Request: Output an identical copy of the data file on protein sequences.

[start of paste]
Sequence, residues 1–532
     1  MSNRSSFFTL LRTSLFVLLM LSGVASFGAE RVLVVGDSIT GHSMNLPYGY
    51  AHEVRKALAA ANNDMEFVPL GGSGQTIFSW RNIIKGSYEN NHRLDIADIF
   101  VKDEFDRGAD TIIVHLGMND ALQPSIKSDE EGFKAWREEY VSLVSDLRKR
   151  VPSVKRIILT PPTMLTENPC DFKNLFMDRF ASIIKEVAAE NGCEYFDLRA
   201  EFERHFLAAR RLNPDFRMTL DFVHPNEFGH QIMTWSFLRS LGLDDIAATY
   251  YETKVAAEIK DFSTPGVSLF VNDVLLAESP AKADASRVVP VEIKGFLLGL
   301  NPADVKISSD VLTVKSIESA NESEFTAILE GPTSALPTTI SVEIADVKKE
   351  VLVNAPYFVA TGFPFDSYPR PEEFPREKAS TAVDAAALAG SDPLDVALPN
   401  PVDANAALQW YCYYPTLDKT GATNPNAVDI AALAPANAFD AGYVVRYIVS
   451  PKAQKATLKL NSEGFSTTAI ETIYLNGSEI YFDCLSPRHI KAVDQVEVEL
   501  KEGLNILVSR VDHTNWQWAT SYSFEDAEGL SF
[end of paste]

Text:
Sequence, residues 1–532
     1  MSNRSSFFTL LRTSLFVLLM LSGVASFGAE RVLVVGDSIT GHSMNLPYGY
    51  AHEVRKALAA ANNDMEFVPL GGSGQTIFSW RNIIKGSYEN NHRLDIADIF
   101  VKDEFDRGAD TIIVHLGMND ALQPSIKSDE EGFKAWREEY VSLVSDLRKR
   151  VPSVKRIILT PPTMLTENPC DFKNLFMDRF ASIIKEVAAE NGCEYFDLRA
   201  EFERHFLAAR RLNPDFRMTL DFVHPNEFGH QIMTWSFLRS LGLDDIAATY
   251  YETKVAAEIK DFSTPGVSLF VNDVLLAESP AKADASRVVP VEIKGFLLGL
   301  NPADVKISSD VLTVKSIESA NESEFTAILE GPTSALPTTI SVEIADVKKE
   351  VLVNAPYFVA TGFPFDSYPR PEEFPREKAS TAVDAAALAG SDPLDVALPN
   401  PVDANAALQW YCYYPTLDKT GATNPNAVDI AALAPANAFD AGYVVRYIVS
   451  PKAQKATLKL NSEGFSTTAI ETIYLNGSEI YFDCLSPRHI KAVDQVEVEL
   501  KEGLNILVSR VDHTNWQWAT SYSFEDAEGL SF